Posts for January 2006


Keeping on my trend of posting about cool sites by bright young women, here's There is a pile of great projects in here, including some really nice explorations into tangible computing.

Of particular interest is the techniue used in Tadpole and DrawDisk, in which the computer's printer cable is rigged to control first a set of LED lights, then a small robot used to draw physical compositions. Great idea.


Some of her work is pretty fun/funny! I love the MTV station ID proposals...

Originally posted on Processing Blogs by Rhizome




Re-dressing Religion

Across societies and countries, dress has always played a pivotal role in cultural and political expression. Attire, especially when it comes to women's attire, figures in many parts of the world as a means of representing and expressing oneself (undressing religion, Linda Arthur).

Arabiia--by Ayah Bdeir--is a convertible outfit that looks at two opposing images of the Arab woman: the sexualized belly dancer and the veiled opressed woman. The costume is equipped with two servo motors and a switch. It enables the woman to flip modes between two extreme stereotypical representations typically attributed to arab women.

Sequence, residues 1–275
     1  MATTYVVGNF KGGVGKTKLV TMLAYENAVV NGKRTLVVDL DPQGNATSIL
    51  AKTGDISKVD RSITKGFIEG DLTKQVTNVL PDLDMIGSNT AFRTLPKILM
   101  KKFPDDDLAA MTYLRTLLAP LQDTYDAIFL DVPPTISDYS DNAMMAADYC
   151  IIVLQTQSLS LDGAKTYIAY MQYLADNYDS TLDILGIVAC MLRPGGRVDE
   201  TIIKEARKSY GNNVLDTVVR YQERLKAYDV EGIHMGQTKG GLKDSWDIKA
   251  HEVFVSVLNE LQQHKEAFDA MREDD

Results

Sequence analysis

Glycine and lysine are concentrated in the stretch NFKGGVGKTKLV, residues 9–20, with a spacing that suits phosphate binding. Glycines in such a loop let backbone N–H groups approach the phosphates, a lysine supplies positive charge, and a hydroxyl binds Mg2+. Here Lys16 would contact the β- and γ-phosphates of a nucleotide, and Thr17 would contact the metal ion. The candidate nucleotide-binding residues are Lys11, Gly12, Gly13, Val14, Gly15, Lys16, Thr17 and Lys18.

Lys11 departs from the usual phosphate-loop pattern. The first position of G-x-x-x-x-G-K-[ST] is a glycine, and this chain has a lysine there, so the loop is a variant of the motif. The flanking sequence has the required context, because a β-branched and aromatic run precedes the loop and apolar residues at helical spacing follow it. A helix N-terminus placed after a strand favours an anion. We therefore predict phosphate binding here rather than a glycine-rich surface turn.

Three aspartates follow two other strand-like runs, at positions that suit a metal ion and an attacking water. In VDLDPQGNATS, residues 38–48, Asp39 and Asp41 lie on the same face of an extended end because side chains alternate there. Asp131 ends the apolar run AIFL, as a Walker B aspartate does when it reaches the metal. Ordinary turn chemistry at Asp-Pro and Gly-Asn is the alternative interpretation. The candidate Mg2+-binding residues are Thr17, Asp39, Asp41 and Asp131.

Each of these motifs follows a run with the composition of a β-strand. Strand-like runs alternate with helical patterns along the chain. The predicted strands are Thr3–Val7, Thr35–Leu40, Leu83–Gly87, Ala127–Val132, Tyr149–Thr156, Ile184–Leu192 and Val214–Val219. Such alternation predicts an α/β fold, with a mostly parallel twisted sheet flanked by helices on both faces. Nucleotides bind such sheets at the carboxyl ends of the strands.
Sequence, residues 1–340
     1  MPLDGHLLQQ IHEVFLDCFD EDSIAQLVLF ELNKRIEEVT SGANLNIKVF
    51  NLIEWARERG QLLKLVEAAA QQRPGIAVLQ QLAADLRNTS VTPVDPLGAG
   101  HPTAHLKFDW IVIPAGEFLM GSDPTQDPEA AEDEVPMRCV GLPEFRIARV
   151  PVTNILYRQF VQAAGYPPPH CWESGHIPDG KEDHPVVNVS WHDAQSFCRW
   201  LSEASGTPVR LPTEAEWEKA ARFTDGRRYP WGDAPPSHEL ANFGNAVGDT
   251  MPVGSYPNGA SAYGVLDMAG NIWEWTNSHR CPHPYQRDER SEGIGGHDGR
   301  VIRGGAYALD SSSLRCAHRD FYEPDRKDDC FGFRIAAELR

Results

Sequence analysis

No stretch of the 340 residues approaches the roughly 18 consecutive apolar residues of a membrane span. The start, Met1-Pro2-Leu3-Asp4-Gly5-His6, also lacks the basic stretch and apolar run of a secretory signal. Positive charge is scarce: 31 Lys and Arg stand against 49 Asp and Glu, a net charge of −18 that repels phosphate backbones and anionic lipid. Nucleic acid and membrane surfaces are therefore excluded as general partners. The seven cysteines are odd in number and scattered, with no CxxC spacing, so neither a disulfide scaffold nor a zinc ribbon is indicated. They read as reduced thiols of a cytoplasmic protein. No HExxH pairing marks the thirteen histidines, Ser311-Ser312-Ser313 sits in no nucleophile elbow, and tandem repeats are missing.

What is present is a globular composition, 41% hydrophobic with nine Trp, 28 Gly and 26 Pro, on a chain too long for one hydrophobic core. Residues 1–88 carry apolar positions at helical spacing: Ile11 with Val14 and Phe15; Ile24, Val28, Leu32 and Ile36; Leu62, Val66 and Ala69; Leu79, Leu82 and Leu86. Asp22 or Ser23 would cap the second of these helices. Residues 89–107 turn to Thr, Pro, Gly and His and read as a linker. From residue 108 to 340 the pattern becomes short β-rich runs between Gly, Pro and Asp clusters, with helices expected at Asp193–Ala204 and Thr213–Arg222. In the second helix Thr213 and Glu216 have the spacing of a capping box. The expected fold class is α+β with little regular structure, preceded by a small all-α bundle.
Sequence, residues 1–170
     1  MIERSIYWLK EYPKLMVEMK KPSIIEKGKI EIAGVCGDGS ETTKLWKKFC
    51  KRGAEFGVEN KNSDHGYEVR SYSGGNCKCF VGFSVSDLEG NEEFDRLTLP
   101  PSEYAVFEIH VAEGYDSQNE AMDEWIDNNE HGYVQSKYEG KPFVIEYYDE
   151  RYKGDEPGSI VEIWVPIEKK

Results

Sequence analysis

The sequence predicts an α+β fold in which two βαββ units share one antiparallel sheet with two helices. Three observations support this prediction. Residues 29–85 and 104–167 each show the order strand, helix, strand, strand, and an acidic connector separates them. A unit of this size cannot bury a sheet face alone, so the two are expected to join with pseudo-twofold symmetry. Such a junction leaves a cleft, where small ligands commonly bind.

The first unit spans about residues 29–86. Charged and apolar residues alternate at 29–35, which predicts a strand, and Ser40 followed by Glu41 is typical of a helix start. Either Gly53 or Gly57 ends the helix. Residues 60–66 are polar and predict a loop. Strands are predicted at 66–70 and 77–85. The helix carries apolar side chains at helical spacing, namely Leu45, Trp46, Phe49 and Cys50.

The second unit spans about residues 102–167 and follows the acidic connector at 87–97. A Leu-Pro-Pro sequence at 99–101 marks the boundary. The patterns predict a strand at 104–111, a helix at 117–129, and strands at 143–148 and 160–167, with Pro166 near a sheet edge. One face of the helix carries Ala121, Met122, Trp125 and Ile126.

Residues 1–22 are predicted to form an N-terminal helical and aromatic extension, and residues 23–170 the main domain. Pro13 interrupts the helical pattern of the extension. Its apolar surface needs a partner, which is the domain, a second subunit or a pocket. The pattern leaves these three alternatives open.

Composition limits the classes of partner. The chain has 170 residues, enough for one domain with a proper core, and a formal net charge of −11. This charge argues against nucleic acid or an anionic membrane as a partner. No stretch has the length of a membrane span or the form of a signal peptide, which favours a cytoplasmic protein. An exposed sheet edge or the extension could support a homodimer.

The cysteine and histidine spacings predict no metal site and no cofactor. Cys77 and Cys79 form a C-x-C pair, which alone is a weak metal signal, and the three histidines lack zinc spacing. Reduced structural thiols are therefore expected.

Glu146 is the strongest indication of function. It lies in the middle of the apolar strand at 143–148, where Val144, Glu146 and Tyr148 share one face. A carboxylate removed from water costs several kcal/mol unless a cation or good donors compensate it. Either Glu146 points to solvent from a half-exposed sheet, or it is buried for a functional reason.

Ayah Bdeir is a second year masters student in the MIT Media Lab. She is a member of the Computing Culture Group, which creates unique technologies for cultural, political and media applications. She recently graduated from the American University of Beirut (AUB) with a Bachelor of Engineering in Computer and Communications Engineering and a minor in sociology.

Ayah's research in the Computing Culture Group looks at the role technologys plays in cross cultural communication; being both a vehicle for the representation of identities and a tool to create engaging dialogue amongst cultures.


Originally posted on networked_performance by jo

Singing bridges


“Singing bridges


Originally posted on Interactive Architecture dot Org by Rhizome



Zev Robinson:

just to be clear, no I'm not downplaying a programmers part in creating
anything, and, also I'm not outsourcing the programming. Adrian Marshall and
I collaborate on our projects with a lot of testing things out, back and
forth on ideas, how it is working, etc.

I know people who outsource their paintings, let assistants make all sorts
of decisions including what colors to use, and then claim it as their own,
and sell it for a lot of money. Movies and medival cathedrals are huge
collaborative efforts, with various people contributing their various areas
of expertise. Some photographers insist on doing their own
developing/darkroom work, others are happy to let others do it for them.

It's a question of choices and priorities. So how you, Dirk, Pall, or anyone